DFG Welcomes Interested Audience to a Science Lunch at the IUPAC Congress
(14.07.17) At the 46th World Chemistry Congress organised by the International Union of Pure and Applied Chemistry (IUPAC) and held between 9 and 14 July in São Paulo, the DFG hosted a Research in Germany Science Lunch.
On 11 July, some 130 researchers in chemistry met for lunch to find out about research and funding opportunities in Germany. The event included presentations by five established researchers based at German universities and research institutions, who spoke about their work and their places of research. This was followed by information about fellowship and cooperation programmes offered by the funding organisations present: the DFG, the German Academic Exchange Service (DAAD) and the Alexander von Humboldt Foundation (AvH). During the second part of the event, there was an opportunity for participants to chat to the presenters at different tables, ask questions and benefit from individual advice.
Dr. Ilka Paulus, a Programme Officer in the Chemistry and Engineering Sciences division at DFG Head Office in Bonn, attended the lunch as a representative of the DFG. In her presentation, she discussed DFG funding programmes and opportunities for collaboration between researchers in Germany and Latin America. One key funding instrument of interest here is financial support for the establishment of international cooperation, which makes initial contact possible. Joint workshops, research visits and trips abroad allow researchers to sound out the potential for joint project proposals. Paulus also explained additional funding opportunities for building on existing links with researchers in Germany. These opportunities range from bilateral project funding to International Research Training Groups, in which doctoral researchers complete a six- to twelve-month research visit to a partner institution abroad.
Also during the second part of the event, Prof. Dr. Helmut Galle, DFG Liaison Scientist at the University of São Paulo, and staff members from the DFG Office Latin America shared more in-depth information about the DFG and its funding programmes.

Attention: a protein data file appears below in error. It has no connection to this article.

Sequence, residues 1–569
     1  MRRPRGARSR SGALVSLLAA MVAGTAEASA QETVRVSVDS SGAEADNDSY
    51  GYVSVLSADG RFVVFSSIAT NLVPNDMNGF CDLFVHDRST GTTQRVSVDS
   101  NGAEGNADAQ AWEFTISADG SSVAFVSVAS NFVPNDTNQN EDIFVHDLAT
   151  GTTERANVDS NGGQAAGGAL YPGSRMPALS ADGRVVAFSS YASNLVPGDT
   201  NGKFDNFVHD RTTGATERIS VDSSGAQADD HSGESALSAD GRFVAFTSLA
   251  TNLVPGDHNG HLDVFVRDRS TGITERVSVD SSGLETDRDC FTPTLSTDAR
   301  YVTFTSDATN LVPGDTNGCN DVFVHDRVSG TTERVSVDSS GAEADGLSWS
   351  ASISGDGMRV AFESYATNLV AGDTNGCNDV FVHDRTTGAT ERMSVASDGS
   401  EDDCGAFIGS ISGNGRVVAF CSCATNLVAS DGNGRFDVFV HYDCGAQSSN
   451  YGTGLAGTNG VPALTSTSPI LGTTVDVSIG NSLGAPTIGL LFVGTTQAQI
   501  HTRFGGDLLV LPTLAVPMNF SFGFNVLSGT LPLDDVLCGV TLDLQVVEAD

The series of short presentations by researchers was introduced by Prof. Dr. Karl Leo from the Technical University of Dresden, where he works in the Integrated Center for Applied Physics and Photonic Materials (DC-IAPP). He introduced his institution and the interdisciplinary, internationally oriented master’s programme in Organic and Molecular Electronics. Leo placed particular emphasis on the centre’s strengths in research and development as well as its close links with industry. A highly respected physicist and Leibniz Prize recipient, he is also actively engaged in the Organic Electronics Saxony (OES) research cluster, which collaborates extensively with industry in a range of areas, from material research and modelling to organic technology and devices and product concept design.
Prof. Dr. Katharina Landfester, a Director of the Max Planck Institute for Polymer Research in Mainz, gave the audience an insight into the excellent research being carried out in the area of polymers. “It’s interesting to note that the first Max Planck Institute, which was founded about a hundred years ago, was dedicated to chemistry and geared towards carbon research. Today there are 16 institutes throughout Germany conducting research in specialist fields of chemistry,” she said. Her own institute alone – the Institute for Polymer Research – is made up of six research groups and a staff of 550, working in research, engineering and technology, about half of whom come from abroad. Landfester explained that it is possible to embark on research at the institute with only a master’s degree and that each institute is responsible for recruiting its own staff. “There is no standard selection process within the Max Planck Society, so the best approach is to contact the institute you are interested in directly,” she advised her audience.
Prof. Dr. Eric Meggers then spoke about the Faculty of Chemistry at the University of Marburg, where researchers work in a very wide range of specialist areas. The faculty collaborates closely with medical researchers and Max Planck Institutes in the region.
As a representative of the Free University of Berlin, Argentinian researcher and junior professor Dr. Marcelo Calderón spoke about his working group, which includes early career researchers in polymer research and organic chemistry. He also described his personal experiences of researching in Germany.
Finally, Prof. Dr. Ekkehardt Hahn rounded off the information event on research in Germany with his presentation on chemistry and pharmaceutics at the Institute of Inorganic and Analytical Chemistry at the University of Münster (WWU Münster). He explained the choice of master’s and doctoral programmes, subject-related Collaborative Research Centres, other research centres and the interdisciplinary Cluster of Excellence ‘Cells in Motion’, in which researchers in chemistry, biology, medicine, mathematics and computer science are collaborating to study how cells move and behave inside the body.